Dynasty Days of Christmas: Six Geese A-Laying
Recently at Pitcher List, we have been releasing a bunch of dynasty and prospect content because we know that side of fantasy baseball never rests! With the Holiday season now upon us, we thought it would be fun to put together a dynasty series based on the 12 days of Christmas. We close with the sixth day, “Six Geese a Laying”, which we have labeled as six starting pitchers that “laid eggs” 2018 but we see rebounding for 2019. Makes sense? Good! Let’s hop right into it. These starters are in no particular order of bounce-back, and I did not count Milwaukee Brewers SP Jimmy Nelson as he did not pitch at all in 2018.
It wasn’t a good year for SP Marcus Stroman, and he had issues right from the start. He was diagnosed with shoulder inflammation in Spring Training that would delay his start, which turned into shoulder fatigue and would keep him out a month and a half. When he was on the mound nothing seemed to go right, as he finished with a 5.54 ERA and 1.48 WHIP. There’s lots of optimism for Stroman going forward in 2019 however. The Blue Jays defense was 2nd last behind only the infamously horrible Phillies defense and should improve greatly with 3B Yangervis Solarte departing (-13 runs a year below average) and SS Almedys Diaz traded (-5 runs a year below average). Stroman lives and dies with his defense (career 60% groundball rate), so an improved defense should see his .326 BABIP fall a bit, and help him get closer to his 3.91 FIP from 2018 if completely healthy. He was also fairly unlucky in 2018, as his left-on-base percentage was 12.3% lower than the league average (72.8%) and should regress closer to his career average of 70.7%. Stroman’s current NFBC ADP is 329 and he is the perfect target to buy as a bounceback as a #5 pitcher for a ROTO staff or in points leagues.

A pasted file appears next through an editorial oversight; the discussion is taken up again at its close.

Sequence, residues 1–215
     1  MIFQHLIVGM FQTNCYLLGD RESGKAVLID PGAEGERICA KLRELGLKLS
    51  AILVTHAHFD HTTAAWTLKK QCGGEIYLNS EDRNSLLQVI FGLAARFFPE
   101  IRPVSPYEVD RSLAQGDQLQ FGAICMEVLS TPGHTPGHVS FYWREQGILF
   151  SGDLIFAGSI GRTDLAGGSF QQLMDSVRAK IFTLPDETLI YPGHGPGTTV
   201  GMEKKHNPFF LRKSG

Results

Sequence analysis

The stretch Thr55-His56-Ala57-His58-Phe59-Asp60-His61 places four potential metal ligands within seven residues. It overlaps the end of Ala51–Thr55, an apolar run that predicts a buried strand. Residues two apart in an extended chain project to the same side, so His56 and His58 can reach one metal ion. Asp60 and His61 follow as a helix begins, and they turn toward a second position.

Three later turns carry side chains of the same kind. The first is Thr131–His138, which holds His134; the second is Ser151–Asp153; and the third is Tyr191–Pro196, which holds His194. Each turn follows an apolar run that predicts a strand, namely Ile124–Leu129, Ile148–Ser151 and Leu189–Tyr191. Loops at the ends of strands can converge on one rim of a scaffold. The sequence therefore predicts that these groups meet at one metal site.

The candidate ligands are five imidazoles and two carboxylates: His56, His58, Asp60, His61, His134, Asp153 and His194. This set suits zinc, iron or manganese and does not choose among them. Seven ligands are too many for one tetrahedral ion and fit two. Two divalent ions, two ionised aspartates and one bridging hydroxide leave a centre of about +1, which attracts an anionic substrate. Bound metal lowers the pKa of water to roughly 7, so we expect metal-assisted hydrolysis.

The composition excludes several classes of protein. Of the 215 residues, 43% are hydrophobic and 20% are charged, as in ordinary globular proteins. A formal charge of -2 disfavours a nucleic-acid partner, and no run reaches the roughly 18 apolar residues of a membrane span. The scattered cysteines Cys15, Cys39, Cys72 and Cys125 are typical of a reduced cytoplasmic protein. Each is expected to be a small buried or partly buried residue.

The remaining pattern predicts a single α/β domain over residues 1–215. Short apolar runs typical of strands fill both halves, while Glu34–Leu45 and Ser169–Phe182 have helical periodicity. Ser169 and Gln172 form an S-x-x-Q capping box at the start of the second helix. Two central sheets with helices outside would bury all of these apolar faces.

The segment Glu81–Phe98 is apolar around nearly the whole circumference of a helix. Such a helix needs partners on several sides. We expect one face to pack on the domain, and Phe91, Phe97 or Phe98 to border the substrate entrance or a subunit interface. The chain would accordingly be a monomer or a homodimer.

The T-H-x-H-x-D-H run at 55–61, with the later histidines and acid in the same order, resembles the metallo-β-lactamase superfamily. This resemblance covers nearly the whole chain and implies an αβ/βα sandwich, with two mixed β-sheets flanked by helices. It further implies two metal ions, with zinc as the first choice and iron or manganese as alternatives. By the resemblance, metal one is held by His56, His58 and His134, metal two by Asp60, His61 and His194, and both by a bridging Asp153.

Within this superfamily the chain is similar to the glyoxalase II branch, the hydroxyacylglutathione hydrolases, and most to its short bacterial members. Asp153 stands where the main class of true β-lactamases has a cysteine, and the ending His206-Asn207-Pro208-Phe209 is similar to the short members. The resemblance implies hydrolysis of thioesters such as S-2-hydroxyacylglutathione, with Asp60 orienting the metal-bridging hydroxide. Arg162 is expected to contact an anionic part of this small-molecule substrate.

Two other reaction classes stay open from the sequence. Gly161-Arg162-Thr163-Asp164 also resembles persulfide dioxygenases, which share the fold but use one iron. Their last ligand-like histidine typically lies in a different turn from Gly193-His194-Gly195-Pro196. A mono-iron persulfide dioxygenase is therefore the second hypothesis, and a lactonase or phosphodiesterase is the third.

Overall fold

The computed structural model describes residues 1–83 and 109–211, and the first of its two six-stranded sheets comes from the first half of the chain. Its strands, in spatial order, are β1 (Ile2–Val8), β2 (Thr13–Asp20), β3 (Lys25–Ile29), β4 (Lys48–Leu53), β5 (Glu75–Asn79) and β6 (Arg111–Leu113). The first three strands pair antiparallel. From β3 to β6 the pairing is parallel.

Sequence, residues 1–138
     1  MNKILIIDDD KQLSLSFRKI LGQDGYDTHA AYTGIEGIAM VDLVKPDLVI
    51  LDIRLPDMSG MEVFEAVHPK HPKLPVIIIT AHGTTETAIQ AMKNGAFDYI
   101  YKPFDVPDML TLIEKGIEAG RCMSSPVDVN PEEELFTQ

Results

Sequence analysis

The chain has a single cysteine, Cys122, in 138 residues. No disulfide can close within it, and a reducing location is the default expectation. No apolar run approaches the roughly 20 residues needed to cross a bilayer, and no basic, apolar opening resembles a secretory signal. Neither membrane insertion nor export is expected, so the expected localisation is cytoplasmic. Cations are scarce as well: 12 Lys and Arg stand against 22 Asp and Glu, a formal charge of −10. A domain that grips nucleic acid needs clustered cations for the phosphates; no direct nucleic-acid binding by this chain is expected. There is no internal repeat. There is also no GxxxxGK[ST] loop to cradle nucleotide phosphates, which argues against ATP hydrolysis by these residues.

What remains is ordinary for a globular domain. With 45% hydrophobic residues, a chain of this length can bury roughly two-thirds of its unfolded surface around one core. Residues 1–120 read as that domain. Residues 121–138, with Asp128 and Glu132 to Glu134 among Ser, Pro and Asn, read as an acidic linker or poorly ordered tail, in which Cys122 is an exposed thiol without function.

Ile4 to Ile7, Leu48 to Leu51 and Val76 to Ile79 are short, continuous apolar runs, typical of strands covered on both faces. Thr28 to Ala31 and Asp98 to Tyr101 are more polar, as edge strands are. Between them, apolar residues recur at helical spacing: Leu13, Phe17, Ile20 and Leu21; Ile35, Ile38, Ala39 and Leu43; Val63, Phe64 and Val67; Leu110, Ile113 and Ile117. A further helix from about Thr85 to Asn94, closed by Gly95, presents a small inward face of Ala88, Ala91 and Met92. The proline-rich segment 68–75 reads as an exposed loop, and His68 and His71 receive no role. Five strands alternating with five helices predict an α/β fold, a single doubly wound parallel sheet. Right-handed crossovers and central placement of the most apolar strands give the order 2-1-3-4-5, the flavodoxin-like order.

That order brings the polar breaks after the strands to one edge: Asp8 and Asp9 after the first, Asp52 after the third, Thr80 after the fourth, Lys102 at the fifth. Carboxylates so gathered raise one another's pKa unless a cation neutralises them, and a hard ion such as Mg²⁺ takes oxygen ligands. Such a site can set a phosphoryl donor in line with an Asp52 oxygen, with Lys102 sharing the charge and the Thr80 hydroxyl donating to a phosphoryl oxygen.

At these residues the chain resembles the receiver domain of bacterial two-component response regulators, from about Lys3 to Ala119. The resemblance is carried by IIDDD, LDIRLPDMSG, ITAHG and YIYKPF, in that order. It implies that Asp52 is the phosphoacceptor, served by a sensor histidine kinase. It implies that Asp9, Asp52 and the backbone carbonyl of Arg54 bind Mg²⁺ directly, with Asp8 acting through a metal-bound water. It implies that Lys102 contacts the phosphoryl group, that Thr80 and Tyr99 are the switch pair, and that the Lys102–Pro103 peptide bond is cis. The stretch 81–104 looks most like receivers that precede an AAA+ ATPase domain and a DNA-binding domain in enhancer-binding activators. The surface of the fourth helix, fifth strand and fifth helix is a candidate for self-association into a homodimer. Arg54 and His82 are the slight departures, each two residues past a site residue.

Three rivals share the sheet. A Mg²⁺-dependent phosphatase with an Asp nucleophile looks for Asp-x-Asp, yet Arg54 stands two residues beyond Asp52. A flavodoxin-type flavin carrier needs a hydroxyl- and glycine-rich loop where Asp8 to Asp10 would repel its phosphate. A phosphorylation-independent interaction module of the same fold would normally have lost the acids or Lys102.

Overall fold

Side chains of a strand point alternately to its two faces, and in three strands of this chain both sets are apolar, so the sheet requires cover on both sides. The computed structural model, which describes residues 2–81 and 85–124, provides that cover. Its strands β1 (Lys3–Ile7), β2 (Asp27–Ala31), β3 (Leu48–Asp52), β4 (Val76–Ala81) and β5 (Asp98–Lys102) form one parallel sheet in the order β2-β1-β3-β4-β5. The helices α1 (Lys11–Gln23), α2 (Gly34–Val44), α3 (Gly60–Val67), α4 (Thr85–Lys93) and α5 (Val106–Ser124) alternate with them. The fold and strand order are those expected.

SP Jon Gray, what will we ever do with you? After what seemed like a breakout 2017 that saw him put up a 3.17 FIP and a 24.3K%, it seemed like Gray would be the first pitcher since SP Ubaldo Jimenez to conquer Coors field. As we all know, that did not end up happening and instead, Colorado Rockies SP German Marquez and SP Kyle Freeland both passed him on the depth chart. While 2018 looks completely worse statistically, not all was bad for Gray. He upped his swinging strike percentage from 8.8% to a hefty 12.3% and saw both his Z-contact and O-contact percentages both drop. The reason for the ungodly ERA was thanks to a dip in his velocity that Gray attributes to losing 20 lbs throughout the season. This, in turn, caused a lot of the contact he gave up to be hard contact, as seen by his 7.7% hard contact rate increase. Gray will always have to deal with Coors field and its BABIP inducing ways, but if Gray can limit the amount of hard contact he allows and strike more batters out as he did last year, then he will be worth his 191 NFBC ADP.